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India economy foreign investment and agriculture

May 2018

Trip notes: Indian economy reforming

Our India team is impressed by the newly formed Invest India team and recent efforts to reform the agriculture sector.

Our trips to India are focused on acquiring insight that is unattainable through company management meetings or financial reports.  We visit India 4-6 times a year, yet we very rarely meet management teams or attend broker conferences there because our corporate access in London is excellent. Instead, our trips focus on building a feel for activity levels on the ground: for example, we visit manufacturing plants of companies we hold, or we meet dealers and distributors of competitor companies, and we talk to consumers, government officials and unlisted companies.

On our most recent trip in August 2017, we spent a week travelling across the length of the country, from Punjab and New Delhi in the North, to Mumbai in the West, to Coimbatore in the South.  Some of the meetings were focused on viewing manufacturing facilities of our portfolio companies and visiting branches of service providers.  In New Delhi, we met senior government officials across various departments like highways, aviation, agriculture and skill development. We witnessed first-hand the various structural reforms being taken by the Modi government and were positively surprised at the high energy levels across most officers.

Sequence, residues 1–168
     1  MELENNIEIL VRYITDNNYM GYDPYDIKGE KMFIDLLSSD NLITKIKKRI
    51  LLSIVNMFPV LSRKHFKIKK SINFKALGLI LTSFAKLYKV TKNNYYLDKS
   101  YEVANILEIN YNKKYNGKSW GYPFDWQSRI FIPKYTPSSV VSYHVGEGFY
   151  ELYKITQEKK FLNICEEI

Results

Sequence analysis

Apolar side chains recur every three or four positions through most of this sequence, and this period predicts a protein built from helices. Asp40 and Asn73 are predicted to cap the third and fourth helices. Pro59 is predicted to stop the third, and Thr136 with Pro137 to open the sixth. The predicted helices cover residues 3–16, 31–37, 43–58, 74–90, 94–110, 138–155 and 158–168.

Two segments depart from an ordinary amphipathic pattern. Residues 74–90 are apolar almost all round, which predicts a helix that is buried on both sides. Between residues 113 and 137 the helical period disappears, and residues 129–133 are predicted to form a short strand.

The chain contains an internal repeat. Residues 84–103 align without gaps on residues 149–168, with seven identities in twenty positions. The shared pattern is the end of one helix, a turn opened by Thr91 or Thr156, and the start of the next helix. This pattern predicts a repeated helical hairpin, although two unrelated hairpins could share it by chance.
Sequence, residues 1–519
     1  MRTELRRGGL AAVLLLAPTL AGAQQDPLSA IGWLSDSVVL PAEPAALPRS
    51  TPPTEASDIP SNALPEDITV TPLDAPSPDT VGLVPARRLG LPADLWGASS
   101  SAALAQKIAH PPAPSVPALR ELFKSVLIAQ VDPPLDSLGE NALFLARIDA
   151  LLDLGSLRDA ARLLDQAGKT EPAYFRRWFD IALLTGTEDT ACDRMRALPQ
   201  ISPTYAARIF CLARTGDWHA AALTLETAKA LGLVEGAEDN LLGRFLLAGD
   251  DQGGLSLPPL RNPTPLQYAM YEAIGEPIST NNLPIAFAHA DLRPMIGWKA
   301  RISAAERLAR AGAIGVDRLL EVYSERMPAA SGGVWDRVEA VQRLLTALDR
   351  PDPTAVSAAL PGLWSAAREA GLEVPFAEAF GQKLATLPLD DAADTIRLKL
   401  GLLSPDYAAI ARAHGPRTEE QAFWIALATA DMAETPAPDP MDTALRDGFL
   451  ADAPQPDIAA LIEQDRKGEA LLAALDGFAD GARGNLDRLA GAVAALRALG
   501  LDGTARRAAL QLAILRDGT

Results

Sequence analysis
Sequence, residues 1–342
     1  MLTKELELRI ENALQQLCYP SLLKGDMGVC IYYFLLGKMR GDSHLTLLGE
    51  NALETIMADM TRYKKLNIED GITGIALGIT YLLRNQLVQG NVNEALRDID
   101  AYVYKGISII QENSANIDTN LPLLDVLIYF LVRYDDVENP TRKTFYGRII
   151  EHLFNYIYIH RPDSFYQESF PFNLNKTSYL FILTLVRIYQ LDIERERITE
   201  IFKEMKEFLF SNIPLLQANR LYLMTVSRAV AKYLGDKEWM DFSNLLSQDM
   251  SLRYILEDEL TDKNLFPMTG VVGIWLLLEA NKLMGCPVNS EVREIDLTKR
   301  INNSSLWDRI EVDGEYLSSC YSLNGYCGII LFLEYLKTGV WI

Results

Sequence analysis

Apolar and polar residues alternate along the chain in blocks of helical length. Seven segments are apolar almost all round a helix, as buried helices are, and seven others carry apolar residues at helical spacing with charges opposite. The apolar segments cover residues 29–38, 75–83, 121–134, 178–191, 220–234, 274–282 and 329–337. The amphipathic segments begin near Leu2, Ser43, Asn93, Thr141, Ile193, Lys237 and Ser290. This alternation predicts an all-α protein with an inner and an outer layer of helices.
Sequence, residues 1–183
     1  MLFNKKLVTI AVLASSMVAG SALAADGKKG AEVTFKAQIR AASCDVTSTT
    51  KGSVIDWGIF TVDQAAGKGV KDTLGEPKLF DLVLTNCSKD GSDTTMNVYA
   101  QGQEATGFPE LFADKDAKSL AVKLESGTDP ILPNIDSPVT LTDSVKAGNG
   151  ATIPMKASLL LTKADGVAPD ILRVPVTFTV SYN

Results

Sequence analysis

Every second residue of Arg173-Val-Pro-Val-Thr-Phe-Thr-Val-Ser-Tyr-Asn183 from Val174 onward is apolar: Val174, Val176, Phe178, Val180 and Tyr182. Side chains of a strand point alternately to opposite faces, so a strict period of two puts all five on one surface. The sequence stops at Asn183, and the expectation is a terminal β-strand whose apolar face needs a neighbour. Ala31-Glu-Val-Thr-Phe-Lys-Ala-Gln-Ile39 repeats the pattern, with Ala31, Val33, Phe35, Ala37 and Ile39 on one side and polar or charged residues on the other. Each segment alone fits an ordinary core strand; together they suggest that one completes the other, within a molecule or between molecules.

The Invest India initiative spans multiple sectors with a value of around $80 billion

One of the most exciting meetings was with ‘Invest India’. The primary role of this small and dynamic, 30-member team of ex-bankers and consultants is to act as a bridge between international investors and government officials, thus ensuring smooth project planning and implementation.  This is an initiative spanning multiple sectors and to a value of ~$80bn.  Most team members have left their profitable private sector jobs in order to work with the government. 

The other department where we saw a lot of activity was agriculture, the backbone of the Indian economy. Having been unchanged for decades, the government is in the midst of revamping the way farmers sell their produce to traders. This reform will reduce information asymmetry on prices, which currently generates supernormal profits for middlemen, and should thus ensure fair pricing for farmers. Elsewhere, plans to improve the current toll revenues structure were well underway in the highways department.